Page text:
The best laid plans ... .
My daughter, Claire, learned that lesson last week.
My wife declared Saturday was house-cleaning day, which my wife is prone to do without much notice.
It is like a fire drill. My wife announces the house looks like a pigsty — probably smells like one, too, at times — and we are to act appropriately.
I tell the kids to listen to their mother so I don't get in trouble, then I shuffle some paper around and pick up the remotes to the TV (I would be lost without them) in order to appear busy, while the kids are left to answer to their mother.
Hey, when my wife decides things need to be done around the house, I am no longer a loving, nurturing father, it is every person for themselves, and good luck.
This time, my wife put everyone on notice — kind of. She mentioned to Claire that the house did not get cleaned while she was gone the day before, and Claire told her she would do it the next day.
Claire, being almost as clever as her father, knew my wife and I were scheduled to be out of town the next day at son Alek's baseball games.
A great plan until rain washed out the games.
So my wife first put Alek to work while I kept a low profile. At this point, I quickly align myself with my wife, agreeing the house is messy and the kids need to get to work.
"Listen to your mother," I tell them, then quickly disappear.
Despite his protests and my wife's threat, there would no baseball practice until he finished, he eventually finished and after a few redos, my wife approved his work.
Then it was Claire's turn. She actually managed to escape for a few minutes with a friend, came back with lunch, ate and listened to my wife complain she was not getting her cleaning done.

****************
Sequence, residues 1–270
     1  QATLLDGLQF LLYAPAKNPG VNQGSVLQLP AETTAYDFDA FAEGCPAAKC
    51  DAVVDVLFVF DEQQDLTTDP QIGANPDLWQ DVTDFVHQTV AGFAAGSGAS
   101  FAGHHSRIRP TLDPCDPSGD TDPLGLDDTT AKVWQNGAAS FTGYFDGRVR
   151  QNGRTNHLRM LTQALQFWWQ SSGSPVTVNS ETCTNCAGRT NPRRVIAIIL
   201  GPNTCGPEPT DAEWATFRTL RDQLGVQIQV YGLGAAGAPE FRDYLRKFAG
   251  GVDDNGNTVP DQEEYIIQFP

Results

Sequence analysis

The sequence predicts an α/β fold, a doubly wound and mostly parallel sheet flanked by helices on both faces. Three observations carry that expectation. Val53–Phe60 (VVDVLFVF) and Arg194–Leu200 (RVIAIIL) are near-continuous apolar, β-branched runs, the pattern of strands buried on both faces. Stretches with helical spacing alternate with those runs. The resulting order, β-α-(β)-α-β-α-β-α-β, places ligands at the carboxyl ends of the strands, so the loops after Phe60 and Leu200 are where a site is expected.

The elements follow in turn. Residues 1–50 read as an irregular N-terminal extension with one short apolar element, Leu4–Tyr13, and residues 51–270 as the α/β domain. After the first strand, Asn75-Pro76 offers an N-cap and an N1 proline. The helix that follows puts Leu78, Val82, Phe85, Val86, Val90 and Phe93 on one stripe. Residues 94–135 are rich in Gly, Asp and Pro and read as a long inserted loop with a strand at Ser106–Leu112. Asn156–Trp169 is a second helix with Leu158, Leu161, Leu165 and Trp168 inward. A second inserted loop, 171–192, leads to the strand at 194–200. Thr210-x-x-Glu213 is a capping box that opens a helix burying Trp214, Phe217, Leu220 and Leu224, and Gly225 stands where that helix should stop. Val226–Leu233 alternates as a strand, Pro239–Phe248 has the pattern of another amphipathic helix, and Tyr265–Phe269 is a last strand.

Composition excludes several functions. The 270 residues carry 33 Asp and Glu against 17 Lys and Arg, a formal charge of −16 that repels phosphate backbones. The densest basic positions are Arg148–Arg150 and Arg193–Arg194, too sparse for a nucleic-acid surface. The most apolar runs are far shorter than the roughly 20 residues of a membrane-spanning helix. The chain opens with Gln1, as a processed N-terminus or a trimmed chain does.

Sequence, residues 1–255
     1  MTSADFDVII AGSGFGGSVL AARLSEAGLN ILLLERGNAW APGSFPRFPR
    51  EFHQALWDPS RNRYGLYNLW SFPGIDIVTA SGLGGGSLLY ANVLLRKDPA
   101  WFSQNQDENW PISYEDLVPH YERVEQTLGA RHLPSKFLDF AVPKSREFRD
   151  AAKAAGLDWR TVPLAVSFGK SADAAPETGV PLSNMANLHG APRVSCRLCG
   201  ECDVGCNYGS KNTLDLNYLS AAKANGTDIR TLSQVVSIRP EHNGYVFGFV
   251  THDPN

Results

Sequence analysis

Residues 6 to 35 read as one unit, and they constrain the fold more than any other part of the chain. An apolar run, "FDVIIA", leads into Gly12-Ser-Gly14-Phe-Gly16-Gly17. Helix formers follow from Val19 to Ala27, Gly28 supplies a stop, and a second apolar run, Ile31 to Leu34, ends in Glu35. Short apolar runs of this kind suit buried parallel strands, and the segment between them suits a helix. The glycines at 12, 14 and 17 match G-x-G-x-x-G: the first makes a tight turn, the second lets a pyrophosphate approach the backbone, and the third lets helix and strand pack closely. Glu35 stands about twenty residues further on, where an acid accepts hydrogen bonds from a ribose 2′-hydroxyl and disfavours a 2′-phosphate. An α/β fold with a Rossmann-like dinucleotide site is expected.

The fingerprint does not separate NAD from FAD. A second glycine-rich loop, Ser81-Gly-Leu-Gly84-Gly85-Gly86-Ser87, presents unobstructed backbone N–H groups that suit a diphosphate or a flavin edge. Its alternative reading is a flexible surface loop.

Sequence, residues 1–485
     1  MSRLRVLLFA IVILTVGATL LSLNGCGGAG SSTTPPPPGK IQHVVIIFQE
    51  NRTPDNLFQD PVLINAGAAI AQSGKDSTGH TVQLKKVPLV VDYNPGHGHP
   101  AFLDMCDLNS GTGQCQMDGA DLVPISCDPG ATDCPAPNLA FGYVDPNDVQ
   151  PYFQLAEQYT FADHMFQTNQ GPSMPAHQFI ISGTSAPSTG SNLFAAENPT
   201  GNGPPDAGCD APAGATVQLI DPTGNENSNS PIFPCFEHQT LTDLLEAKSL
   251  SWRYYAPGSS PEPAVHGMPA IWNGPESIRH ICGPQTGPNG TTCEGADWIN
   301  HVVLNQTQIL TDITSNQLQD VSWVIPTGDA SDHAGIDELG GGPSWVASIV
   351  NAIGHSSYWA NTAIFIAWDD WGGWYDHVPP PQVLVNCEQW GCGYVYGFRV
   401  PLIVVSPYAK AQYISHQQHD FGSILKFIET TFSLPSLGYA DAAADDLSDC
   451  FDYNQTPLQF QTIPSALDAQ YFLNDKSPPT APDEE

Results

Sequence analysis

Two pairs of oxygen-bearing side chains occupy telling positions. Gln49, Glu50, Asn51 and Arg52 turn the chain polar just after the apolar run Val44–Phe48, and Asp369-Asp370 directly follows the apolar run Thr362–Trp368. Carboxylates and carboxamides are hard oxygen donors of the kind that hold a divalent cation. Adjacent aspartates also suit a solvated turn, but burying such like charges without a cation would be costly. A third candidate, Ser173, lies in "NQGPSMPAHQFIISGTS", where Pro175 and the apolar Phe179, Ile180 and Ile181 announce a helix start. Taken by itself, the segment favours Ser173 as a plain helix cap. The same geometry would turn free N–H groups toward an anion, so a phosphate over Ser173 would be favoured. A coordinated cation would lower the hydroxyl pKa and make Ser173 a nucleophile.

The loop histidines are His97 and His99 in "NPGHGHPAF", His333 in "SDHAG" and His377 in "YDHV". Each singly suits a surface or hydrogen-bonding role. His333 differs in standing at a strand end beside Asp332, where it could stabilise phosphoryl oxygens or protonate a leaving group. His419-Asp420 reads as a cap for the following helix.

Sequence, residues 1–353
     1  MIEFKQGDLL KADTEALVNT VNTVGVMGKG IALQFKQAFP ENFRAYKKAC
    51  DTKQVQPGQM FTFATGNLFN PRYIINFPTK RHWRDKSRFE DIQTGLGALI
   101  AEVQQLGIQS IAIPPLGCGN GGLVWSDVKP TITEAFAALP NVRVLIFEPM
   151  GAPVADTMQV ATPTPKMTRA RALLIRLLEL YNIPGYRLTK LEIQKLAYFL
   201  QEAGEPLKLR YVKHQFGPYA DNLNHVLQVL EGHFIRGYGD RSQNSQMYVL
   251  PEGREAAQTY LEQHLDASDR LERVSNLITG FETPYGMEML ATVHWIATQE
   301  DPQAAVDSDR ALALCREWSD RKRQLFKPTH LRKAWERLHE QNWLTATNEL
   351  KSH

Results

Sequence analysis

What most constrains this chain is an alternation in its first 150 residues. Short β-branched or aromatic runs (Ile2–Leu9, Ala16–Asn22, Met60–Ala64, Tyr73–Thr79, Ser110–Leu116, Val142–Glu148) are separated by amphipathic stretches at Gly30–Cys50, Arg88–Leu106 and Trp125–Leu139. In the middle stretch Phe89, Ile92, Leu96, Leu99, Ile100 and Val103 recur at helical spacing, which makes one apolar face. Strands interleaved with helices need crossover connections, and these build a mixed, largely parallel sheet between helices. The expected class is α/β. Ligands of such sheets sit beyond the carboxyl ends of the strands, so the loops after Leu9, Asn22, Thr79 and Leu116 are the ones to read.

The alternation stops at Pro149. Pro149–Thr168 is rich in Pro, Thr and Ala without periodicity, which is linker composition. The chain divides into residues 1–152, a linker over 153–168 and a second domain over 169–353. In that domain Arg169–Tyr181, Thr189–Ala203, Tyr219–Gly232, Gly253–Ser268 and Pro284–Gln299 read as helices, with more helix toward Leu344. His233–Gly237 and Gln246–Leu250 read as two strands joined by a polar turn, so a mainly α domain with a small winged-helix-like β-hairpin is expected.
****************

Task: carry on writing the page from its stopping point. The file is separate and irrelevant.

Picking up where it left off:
Finally Claire said, "I thought you were going to be gone today."
Like I said, the best laid plans ... .
My kids should know by now. Clean when Mom is out of the house, do your usual poor job, claim ignorance and move on with your life, which means leaving the house while Mom fumes.
Never, ever clean house when Mom is around because she makes sure the job is done well. She kept threatening to do the white glove test until I stopped acting like I was busy long enough to remind her we don't own a pair of white gloves.
Later, it was my turn. Figuring the work was done, I let my guard down, stopped shuffling papers and was watching a ball game. Next thing I know. I am ambushed as my wife starts going through the magazine rack.
In my defense, I only use the magazine rack as a place to keep a few magazines I don't want to throw away. I have copies of Sports Illustrated magazines that have my teams on the cover or a swimsuit issue in case my kids have to do a school research paper on swimwear.
Most of my magazines I keep next to my favorite chair to read at my leisure.
I didn't think there was a problem. But then again, it doesn't matter what I think. I cleaned out the magazine rack, which included most of my wife's magazines and old newspapers, and stored the magazines that were keepers.
Finally. we were off the hook. I think my wife got tired of following us around, making sure the work was done.
So the house is clean — for now — and the troops can step down until the next drill.
Patrick Murphy, of Columbus, Neb., is the former assistant managing editor of The Telegram.